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Last edited 26 Jan 2023
Base date in construction contracts
The base date in construction contracts is generally used as a mechanism for the allocation of risk between the client and contractor for changes that might occur in the period between the contractor pricing the tender and the signing of the contract. This period can be very long and changes that occur may have a significant impact on the costs of the works.
The base date sets the reference date from which the conditions under which the tender was prepared are considered to have been known by the contractor and so are properly reflected in their price. If specified conditions change before the contract is implemented, then the contract may be adjusted to reflect this.
On very small projects, where the time frame is short, this may not be considered necessary. On larger projects, the base date can be used to allow changes to the contract sum, or sometimes extensions of time, or even to determine which rules will apply to the contract (for example which edition of arbitration rules).
The exact provisions will depend on the specific form of contract that is adopted. For example, in the Joint Contracts Tribunal (JCT) Design and Build Contract, the base date determines the allocation of risk in relation to changes in statutory regulations, changes to VAT exemptions and changes to definitions of dayworks.
Traditionally the base date was set as the date of tender, however this was sometimes found to give rise to uncertainty because of the complexity and duration of tendering procedures. The usual practice now is to insert a date in the contract linked to the date of the return of tenders.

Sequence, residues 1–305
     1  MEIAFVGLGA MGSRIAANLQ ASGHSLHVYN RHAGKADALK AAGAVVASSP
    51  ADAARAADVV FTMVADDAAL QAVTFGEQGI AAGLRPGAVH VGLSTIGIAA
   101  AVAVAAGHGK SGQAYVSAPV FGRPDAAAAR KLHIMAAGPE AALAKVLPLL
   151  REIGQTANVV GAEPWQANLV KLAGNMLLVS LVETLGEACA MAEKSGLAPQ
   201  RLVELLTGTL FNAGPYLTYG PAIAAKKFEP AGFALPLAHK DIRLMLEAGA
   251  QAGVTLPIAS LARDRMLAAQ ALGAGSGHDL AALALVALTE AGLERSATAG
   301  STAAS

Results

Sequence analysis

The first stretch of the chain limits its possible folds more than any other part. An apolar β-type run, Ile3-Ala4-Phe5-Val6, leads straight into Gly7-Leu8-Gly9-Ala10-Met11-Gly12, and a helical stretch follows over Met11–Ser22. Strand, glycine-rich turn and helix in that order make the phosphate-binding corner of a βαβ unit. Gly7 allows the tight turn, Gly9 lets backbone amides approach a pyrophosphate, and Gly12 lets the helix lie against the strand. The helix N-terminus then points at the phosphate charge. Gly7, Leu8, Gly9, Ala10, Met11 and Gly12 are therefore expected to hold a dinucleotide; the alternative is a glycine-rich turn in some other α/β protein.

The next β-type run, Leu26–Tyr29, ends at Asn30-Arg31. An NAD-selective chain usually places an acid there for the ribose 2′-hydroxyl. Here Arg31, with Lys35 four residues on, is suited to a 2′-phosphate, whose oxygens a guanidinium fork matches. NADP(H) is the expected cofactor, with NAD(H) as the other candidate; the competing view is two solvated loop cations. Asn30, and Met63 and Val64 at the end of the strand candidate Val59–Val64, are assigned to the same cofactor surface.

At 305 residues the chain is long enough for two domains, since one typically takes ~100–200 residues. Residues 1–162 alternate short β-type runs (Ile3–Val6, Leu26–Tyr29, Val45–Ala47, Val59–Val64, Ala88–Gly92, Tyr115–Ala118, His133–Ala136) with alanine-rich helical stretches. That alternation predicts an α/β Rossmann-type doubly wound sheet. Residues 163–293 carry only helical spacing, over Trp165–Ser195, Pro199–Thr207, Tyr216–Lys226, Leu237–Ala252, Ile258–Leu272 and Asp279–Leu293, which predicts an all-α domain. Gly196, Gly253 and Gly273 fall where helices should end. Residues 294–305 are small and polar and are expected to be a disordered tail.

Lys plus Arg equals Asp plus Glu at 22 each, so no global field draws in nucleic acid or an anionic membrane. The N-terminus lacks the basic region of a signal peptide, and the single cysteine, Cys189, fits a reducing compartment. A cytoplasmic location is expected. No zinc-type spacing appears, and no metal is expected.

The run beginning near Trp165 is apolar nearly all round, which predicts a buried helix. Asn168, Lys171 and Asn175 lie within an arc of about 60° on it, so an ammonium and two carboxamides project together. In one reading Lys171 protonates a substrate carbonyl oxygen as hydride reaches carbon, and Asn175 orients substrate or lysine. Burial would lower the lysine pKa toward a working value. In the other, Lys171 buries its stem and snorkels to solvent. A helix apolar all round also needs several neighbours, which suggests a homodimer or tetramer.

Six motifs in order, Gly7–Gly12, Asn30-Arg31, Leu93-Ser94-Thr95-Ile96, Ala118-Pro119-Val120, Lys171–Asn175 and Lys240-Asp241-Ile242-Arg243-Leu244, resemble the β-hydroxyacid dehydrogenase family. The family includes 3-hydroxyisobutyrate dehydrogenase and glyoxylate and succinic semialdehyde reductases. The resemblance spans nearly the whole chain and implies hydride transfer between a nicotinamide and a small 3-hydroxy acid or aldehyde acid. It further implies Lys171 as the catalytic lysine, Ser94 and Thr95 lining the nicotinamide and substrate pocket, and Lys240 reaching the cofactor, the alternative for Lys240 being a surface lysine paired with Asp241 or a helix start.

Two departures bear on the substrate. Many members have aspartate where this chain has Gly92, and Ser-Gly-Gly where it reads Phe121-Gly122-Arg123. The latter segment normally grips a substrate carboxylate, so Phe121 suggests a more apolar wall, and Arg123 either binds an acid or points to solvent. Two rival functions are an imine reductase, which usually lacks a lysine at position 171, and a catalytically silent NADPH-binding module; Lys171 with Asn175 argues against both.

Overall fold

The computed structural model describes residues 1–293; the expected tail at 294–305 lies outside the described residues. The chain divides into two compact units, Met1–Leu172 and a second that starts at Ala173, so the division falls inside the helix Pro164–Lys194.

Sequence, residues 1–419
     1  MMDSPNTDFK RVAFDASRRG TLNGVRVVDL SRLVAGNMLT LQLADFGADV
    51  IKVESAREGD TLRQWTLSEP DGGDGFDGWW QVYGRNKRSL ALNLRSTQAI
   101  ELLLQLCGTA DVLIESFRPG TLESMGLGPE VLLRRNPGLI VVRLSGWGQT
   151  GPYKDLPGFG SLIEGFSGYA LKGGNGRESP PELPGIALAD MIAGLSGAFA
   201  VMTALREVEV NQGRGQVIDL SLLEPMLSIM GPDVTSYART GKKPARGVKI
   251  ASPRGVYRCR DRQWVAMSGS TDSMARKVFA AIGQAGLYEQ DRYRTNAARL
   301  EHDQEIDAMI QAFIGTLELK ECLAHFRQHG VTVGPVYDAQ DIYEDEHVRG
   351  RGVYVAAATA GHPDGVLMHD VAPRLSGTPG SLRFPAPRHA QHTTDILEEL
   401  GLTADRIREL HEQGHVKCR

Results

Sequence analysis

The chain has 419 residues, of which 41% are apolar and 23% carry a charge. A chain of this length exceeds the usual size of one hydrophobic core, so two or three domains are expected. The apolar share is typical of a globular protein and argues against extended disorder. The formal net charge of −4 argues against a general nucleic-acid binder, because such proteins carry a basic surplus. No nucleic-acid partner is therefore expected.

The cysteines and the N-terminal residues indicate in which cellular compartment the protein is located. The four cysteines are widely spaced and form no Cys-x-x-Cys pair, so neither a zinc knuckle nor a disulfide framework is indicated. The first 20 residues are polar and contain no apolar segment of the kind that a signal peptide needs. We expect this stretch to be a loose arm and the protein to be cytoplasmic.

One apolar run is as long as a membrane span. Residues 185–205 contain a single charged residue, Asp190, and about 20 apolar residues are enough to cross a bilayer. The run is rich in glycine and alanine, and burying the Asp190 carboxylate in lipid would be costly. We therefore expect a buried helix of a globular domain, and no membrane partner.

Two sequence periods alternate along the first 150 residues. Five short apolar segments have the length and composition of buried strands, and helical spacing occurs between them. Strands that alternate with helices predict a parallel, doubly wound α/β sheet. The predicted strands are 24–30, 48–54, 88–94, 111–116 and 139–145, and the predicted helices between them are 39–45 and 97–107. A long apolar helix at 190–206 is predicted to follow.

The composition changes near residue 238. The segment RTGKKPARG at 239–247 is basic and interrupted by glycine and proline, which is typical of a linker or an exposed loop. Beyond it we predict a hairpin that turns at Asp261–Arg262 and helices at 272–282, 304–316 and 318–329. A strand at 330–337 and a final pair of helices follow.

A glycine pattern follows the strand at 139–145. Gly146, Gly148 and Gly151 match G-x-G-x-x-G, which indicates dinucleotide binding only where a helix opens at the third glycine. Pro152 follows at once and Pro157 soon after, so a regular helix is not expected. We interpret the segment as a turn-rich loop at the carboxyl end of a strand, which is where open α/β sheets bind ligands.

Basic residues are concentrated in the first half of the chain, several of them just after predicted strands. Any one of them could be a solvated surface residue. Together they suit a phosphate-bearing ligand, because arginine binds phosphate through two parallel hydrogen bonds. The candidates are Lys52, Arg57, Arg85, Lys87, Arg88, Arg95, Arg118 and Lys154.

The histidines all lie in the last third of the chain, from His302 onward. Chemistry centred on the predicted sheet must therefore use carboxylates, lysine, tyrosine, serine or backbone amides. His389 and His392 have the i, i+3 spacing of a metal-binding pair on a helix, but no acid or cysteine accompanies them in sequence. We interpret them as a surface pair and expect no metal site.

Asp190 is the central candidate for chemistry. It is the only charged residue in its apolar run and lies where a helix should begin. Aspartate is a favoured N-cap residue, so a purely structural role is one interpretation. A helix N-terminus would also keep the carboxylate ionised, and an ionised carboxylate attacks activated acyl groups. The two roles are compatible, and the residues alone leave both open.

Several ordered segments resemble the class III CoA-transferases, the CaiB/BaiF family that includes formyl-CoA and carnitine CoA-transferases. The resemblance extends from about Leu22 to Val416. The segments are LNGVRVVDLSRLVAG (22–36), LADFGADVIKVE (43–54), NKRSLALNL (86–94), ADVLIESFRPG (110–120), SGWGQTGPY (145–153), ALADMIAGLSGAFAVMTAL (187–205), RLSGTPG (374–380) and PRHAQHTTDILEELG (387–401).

The FIDIC suite of standard conditions of contract (the Red Book and Yellow Book), set the base date at 28 days before the latest date for the submission of tender. The JCT Design and Build Contract suggests a date that is 10 days prior to the date of the return of tenders.
NB: According to NRM1: Order of cost estimating and cost planning for capital building work, the term ‘base date of cost data’ means; ‘...the date on which rates and prices contained within cost analyses or benchmark analyses are taken as a basis for calculations.’
And the term 'estimate base date' means '...the date on which the cost limit (excluding inflation – i.e. the sum of the works cost estimate, project/design team fees estimate, other development/project costs estimate and risk allowance estimate) is established as a basis for calculating inflation, changes or other related variances.'
NB: Fluctuation clauses are a way of dealing with inflation on large projects that may last for several years. The contractor may be asked to tender based on current prices and then the contract makes provisions for them to be reimbursed for price changes over the duration of the project (a fluctuating price). This may be done by setting a base date for specified items and defining the price indices by which fluctuations will be assessed.
NB: NRM3 Order of cost estimating and cost planning for building maintenance works, defines the 'estimate base date' as '...the date on which the cost limit (i.e. the sum of the works cost estimate, project/design team fees estimate, other related costs estimate and risk allowance estimate, excluding inflation) is established as the basis for calculating inflation, changes or other related variances.'
ICMS: Global Consistency in Presenting Construction Life Cycle Costs and Carbon Emissions, 3rd edition, November 2021, published by the ICMS (International Cost Management Standard) Coalition, defines the base date as: ‘The date at which the individual Construction Costs in ICMS cost reports apply exclusive of Price Level Adjustments after that date. However, there can be a separate allowance for Price Level Adjustments under the Risk Allowances Group. A different date (the Common Date) applies to Life Cycle Costs.’
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